Christie’s Wife Quits as Managing Director at Angelo, GordonTerrence Dopp
Mary Pat Christie, the wife of potential presidential candidate Chris Christie, resigned as a managing director at Angelo, Gordon & Co.
“Mrs. Christie has decided to take a hiatus from her work in the finance world to spend more time with her family and young children,” Kevin Roberts, a spokesman for the second-term New Jersey governor, said in an e-mail Friday.
The governor has said he would announce in May or June whether he plans to join the crowded field of Republicans seeking the nomination. His wife, who accompanied him this month to early-voting New Hampshire, has been the family breadwinner, and her wages from the New York investment firm accounted for most of the $700,000 of earnings reported in their 2013 tax return. Christie, 52, makes $175,000 as governor.
“It just reinforces the widely held belief that the governor is running for president,” said Ben Dworkin, director of the Rebovich Institute for New Jersey Politics at Rider University in Lawrenceville. “Running for president in the 21st century is not just a full-time job for the candidate but for the family as well.”
Dworkin said Mary Pat Christie’s departure could dispel any perception of impropriety or ties between Christie and the firm’s Wall Street clients.
The wife of Republican Texas Senator Ted Cruz, who announced in March he’s running for president, is taking leave as a Houston-based managing director at Goldman Sachs Group Inc. to help with her husband’s campaign.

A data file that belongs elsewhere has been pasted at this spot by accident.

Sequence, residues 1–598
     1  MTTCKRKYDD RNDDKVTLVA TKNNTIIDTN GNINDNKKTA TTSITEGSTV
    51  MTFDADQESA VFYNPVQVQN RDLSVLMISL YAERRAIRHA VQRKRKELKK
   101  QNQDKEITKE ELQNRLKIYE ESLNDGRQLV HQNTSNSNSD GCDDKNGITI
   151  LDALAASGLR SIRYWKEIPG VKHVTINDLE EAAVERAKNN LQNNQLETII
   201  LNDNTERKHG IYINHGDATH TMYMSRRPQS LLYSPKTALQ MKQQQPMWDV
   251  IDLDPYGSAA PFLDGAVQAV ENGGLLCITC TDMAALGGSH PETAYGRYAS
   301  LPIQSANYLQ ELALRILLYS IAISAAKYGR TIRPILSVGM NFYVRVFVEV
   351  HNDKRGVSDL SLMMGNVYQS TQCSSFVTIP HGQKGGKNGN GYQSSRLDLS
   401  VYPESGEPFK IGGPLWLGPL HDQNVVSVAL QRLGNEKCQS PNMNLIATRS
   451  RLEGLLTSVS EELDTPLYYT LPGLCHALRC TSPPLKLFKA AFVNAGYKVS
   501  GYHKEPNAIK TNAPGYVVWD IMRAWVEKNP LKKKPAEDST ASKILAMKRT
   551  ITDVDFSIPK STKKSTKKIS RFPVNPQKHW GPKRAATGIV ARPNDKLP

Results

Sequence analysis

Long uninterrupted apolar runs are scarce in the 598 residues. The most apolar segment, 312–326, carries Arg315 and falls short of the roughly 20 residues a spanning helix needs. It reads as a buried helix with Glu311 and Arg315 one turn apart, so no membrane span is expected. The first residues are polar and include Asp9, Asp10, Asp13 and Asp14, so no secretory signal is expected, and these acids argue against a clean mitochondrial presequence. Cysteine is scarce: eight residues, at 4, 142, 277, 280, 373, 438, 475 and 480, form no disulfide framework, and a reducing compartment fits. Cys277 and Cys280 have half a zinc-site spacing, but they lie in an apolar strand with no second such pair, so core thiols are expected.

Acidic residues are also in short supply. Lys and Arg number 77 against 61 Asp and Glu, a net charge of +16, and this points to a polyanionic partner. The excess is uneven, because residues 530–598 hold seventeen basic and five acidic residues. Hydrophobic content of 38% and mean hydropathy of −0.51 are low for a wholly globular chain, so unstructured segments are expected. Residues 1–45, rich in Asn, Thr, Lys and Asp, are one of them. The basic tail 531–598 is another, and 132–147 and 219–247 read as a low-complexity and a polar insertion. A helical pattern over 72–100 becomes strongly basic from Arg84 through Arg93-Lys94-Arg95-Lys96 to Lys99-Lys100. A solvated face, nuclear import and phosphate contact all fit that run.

Alex Stockham, a spokesman for Angelo, Gordon, declined to comment on Mary Pat Christie.
The Christies met in college and have been married since
1986. They have four children. Mary Pat Christie, 51, has worked for Angelo, Gordon since September 2012 and previously worked for Cantor Fitzgerald LP.
The governor, who formed a political action committee in January to boost his visibility, has trailed other Republicans in polls, including former Florida Governor Jeb Bush and Wisconsin Governor Scott Walker. His approval rating at home has dropped to record lows after a year plagued by a traffic scandal, a lagging economic recovery and nine credit-rating downgrades.
Christie has his monthly Ask the Governor call-in radio show Monday and a town-hall meeting later in the week. On Friday, he is scheduled to be at the Leadership Series hosted by the Northern Virginia Technology Council and Consumer Electronics Association.
To continue reading this article you must be a Bloomberg Professional Service Subscriber.
If you believe that you may have received this message in error please let us know.